The company said there will also be significant increases to the cost of small group health insurance, but filings for rate increases are still pending before the state Division of Insurance.
Premera dominates the Alaska private health insurance market, covering about 60 percent of Alaskans not covered by government health insurance.
Company president Jeff Davis said the increases are being driven by a sharp spike in costs for claims the company has seen over the last 18 months. The spike is being felt across the company's entire health insurance business, not just in policies for individuals, Davis said.
According to Davis, the spike stems from the increased use of medical facilities in Alaska, as well as rising costs for virtually all types of health care.
For example, the company saw an overall 28 percent increase in costs for hospital care in 2007, Davis said. There have also been increases in the number of costs for claims costing more than $50,000.
Between 2005 and 2007, the company experienced a 30 percent increase in the number of large claims filed and a 78 percent increase in the costs for those claims, Davis said.
The bottom line, for the individual policies at least, was an increase of the loss ratio - the amount of money paid out in claims against what is collected in premiums - to 94 percent.
That is up from a customary loss ratio in the health insurance market that is between 70 percent and 80 percent, Davis said. The result is that the company suffered a $1.5 million loss in its policies sold by Premera to individuals last year.
Premera submits its rates annually to the state Division of Insurance for approval. The 32 percent increase for individual policies has been approved by the division, state insurance director Linda Hall said.
Premera's rate increases over the recent past are as follows: 15.7 percent in 2008 (filed in 2007), 2.9 percent in 2006, 5.9 percent in 2005 and 17.5 percent in 2004.
"We attempt to have stable rates over time. We're not a company that likes to have our rates jump around," said Jeff Roe, company vice president for the individual insurance market. "We have to look at the trend and make a fair assessment and file accordingly."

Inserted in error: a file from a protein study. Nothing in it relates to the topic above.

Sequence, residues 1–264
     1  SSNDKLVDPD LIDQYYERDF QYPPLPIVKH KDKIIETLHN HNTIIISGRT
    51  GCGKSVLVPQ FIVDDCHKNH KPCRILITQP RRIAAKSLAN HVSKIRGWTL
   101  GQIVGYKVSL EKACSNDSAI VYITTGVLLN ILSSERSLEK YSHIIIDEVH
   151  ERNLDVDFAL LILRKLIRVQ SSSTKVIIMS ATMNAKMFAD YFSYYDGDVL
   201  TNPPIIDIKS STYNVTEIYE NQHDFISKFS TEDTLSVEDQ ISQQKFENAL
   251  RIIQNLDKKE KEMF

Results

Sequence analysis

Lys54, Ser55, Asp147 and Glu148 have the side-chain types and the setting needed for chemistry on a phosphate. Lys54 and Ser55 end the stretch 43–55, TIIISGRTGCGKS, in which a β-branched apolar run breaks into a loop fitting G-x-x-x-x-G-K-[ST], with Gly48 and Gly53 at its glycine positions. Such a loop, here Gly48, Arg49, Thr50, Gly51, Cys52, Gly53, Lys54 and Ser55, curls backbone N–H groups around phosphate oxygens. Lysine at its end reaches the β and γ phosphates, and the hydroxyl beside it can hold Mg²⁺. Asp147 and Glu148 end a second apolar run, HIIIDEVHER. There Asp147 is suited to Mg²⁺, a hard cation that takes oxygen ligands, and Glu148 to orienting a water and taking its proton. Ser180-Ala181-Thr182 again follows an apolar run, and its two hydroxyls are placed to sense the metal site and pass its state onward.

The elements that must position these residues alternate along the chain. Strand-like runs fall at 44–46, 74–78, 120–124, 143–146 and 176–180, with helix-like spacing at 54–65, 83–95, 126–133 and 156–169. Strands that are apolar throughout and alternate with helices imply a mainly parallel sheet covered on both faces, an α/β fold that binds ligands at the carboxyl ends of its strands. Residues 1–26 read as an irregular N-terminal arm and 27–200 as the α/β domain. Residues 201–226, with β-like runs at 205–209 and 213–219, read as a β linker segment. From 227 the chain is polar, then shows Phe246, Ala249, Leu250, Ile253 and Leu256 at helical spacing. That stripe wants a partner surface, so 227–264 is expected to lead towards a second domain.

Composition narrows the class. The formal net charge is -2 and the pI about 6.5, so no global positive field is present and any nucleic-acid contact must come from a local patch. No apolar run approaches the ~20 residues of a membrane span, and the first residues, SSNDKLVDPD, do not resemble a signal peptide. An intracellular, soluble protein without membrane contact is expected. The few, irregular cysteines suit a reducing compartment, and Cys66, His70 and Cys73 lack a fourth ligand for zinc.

"No one likes to see rate increases of this magnitude, but they are being driven by the extraordinary costs we are seeing," Davis said.
State insurance director Hall said her division examined this year's filing and found no reason not to approve it. Hall said she has also received proposed new rates for small-group health insurance but could not disclose the proposed new rate because it is still under review.
Davis said the increase in health care utilization is one of the major drivers in the increase, but the cause of it is puzzling.
"Utilization trends are often cyclical and we tend to see peaks in 24-month and 36-month cycles, but we really don't have a satisfactory explanation" for the recent spike, Davis said.
But it appears to be supply-driven, meaning that as more health care facilities are built and newer, usually high-cost technology becomes available, people tend to make greater use of them. Overall spending goes up as a result.
The link between a greater supply of health care services, usage and higher costs is well documented in the health care industry nationally, Davis said.
The pattern seems extreme in Alaska due to the small size of its population, but Roe said the same basic trends are being seen in several states. He said Premera is taking a number of steps to try to moderate costs, particularly in working with customers in different kinds of preventative wellness programs.
Davis said it is still too early to point to results of those programs in reducing health insurance costs to businesses. However, Premera has instituted wellness programs for its own employees and is seeing cost reductions, he said.
Tim Bradner can be reached at email@example.com.